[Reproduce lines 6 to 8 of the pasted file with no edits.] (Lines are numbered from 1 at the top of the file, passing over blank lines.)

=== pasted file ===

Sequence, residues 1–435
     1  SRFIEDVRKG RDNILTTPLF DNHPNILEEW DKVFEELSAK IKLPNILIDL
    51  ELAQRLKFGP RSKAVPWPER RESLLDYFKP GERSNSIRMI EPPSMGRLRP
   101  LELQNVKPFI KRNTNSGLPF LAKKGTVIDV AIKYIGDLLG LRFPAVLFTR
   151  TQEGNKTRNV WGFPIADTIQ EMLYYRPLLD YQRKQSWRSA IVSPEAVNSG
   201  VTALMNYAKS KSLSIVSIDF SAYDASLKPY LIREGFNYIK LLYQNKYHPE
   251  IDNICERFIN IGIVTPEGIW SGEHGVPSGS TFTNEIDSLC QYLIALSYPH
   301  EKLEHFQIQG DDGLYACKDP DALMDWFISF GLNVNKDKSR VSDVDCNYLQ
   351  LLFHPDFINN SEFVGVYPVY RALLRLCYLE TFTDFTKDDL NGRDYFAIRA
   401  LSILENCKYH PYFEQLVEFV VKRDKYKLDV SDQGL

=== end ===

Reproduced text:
   201  VTALMNYAKS KSLSIVSIDF SAYDASLKPY LIREGFNYIK LLYQNKYHPE
   251  IDNICERFIN IGIVTPEGIW SGEHGVPSGS TFTNEIDSLC QYLIALSYPH
   301  EKLEHFQIQG DDGLYACKDP DALMDWFISF GLNVNKDKSR VSDVDCNYLQ